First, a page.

From Running Leafy Lanes To The Amazon, Sahara And Himalayas
Bored with jogging around leafy Hertfordshire, Dr Mark Hines stepped up to conquer ultra-marathons in the lethal landscapes of the Amazon, Arctic, Sahara and Himalayas – to succeed he had to fuse stamina with science and unlock the physiological secrets of the human body
You need more than courage and resilience to complete extreme challenges. You also have to be humble and smart enough to undertake a cool, calm analysis of the limits and potential of the human body. Experienced adventurers understand that turning a grand plan into a reality requires intelligence, self-knowledge and a thirst for research, planning and analysis.
This is why Dr Mark Hines – an exercise physiologist and biomechanist – is so good at conquering extreme ultra-marathons in the most dangerous and challenging environments on Earth. Hines’s scientific expertise is an integral part of his success and a reminder to adventurers worldwide that extreme expeditions require extreme levels of research and preparation.
Hines has taken part in the 740km Yukon Arctic Ultra in -40°C temperatures, the six-day, 251km Marathon des Sables across the Sahara desert in 50°C heat, the grueling 254km Amazon Jungle Marathon, in 99% humidity and the Ultra a 222km, oxygen-starved slog across the high-altitude peaks of the Himalayas. Wherever in the world he travels, science provides the invisible scaffolding around which he builds his success.
I trained in England at night when I was tired, the conditions were bad and it was dark and cold
Q: Is there anything you can do to manage the humidity of jungles like the Amazon?
A: ‘Humid conditions are the hardest to exercise in as you generate heat from muscle contractions but all of your normal systems for cooling down fail. The normal transfer of heat to the outside of your body doesn’t work as it is hotter on the outside. Sweat needs to evaporate on the skin and that creates an energy exchange, which brings a cooling effect. But in saturated air of humidity up to 100% that sweat doesn't evaporate so you just lose fluids with minimal cooling.’
‘It’s better to run at a reduced pace and stay in control of your body temperature, rather than overheating. I saw people hospitalised in the Jungle Marathon, and one guy had a coma induced because he got so hot it started causing brain damage – his control centres for managing temperatures stopped working.’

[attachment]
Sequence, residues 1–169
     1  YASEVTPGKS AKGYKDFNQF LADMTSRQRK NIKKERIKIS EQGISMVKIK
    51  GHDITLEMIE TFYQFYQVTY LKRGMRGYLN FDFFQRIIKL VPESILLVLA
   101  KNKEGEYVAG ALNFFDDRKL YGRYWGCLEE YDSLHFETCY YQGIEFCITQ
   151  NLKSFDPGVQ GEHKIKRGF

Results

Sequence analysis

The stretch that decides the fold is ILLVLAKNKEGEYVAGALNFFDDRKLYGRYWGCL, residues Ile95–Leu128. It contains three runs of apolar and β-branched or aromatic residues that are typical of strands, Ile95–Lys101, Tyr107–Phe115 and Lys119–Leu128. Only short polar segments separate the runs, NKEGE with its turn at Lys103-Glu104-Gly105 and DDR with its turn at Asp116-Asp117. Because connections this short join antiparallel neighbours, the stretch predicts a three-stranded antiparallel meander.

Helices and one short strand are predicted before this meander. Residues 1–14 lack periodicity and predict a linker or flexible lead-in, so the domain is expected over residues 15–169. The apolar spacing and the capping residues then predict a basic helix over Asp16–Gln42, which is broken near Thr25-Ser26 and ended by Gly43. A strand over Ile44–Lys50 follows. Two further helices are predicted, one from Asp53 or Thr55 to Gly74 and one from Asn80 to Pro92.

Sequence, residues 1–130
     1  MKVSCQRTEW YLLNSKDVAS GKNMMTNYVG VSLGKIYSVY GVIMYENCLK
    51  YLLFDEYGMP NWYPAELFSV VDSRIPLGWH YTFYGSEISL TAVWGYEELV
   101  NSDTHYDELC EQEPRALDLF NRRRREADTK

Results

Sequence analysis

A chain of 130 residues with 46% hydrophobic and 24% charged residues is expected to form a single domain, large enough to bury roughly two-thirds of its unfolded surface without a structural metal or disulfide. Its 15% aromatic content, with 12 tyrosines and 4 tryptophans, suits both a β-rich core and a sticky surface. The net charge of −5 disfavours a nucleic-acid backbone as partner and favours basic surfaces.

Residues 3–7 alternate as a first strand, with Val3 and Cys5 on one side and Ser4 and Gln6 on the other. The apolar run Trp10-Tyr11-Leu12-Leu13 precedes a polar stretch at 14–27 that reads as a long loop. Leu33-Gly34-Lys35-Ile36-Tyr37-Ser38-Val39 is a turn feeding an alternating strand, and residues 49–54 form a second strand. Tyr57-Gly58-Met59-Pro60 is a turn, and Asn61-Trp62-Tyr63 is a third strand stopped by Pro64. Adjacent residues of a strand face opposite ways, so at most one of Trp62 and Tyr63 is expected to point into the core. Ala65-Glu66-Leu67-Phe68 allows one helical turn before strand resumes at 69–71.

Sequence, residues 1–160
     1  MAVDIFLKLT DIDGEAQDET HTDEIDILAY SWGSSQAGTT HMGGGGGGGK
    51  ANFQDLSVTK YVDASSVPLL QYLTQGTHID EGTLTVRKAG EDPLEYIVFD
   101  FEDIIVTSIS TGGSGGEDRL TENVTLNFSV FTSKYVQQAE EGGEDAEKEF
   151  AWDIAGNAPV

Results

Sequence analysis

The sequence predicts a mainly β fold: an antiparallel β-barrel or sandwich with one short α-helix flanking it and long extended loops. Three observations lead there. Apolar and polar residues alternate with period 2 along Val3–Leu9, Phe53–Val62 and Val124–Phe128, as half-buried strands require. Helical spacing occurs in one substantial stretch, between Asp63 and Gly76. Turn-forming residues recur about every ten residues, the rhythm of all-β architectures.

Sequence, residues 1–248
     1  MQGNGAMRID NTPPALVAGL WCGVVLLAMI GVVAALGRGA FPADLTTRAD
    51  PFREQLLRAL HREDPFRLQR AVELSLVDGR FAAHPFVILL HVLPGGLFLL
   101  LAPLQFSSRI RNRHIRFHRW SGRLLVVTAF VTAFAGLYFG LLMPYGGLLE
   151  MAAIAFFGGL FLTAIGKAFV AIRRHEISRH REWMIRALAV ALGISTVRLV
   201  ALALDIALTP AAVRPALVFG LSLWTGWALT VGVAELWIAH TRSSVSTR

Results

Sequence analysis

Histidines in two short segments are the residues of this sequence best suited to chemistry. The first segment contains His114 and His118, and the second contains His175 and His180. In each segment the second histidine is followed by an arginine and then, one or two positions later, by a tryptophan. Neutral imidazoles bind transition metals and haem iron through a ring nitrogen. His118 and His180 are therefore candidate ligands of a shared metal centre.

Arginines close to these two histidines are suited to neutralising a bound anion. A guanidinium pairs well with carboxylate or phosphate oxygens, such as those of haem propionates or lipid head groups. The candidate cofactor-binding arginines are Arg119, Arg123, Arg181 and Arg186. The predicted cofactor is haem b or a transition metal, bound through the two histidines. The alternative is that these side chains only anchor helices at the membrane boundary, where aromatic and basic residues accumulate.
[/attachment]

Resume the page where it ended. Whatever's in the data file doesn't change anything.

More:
Q: How does the lack of oxygen in the high-altitude Himalayas affect your body?
A: ‘Cerebral oedema (an accumulation of fluids in the brain), pulmonary oedema (an accumulation of fluids in the lungs), acute mountain sickness, hyperthermia, hypothermia, frostbite, hyponatraemia, rhabdomyolysis and dehydration are the biggest problems at very high altitude. During the middle of the day the temperatures soar above 30°C and at night they plummet to below zero. Hence the problems are similar to those in the hot and the cold environments, coupled with the unique problems of very high altitude.’
Q: Can you train to perform at those high altitudes?
A: ‘For very high altitude, it can be useful to spend a month or so at high altitude to allow the physiological adaptations to take place, such as increased red blood cell count. However, during that time at altitude, you cannot train as well as at sea level, so your fitness actually drops. The best approach is some combination of exercise and rest at high, moderate and low altitude. At very high altitude like in the Himalayas the challenge is to keep making forward progress, despite severe limitations in physical capacity.’
Visit www.markhines.org for more information. Mark’s books on the Marathon Des Sables, the Jungle Marathon and the Yukon Arctic Ultra are available on Amazon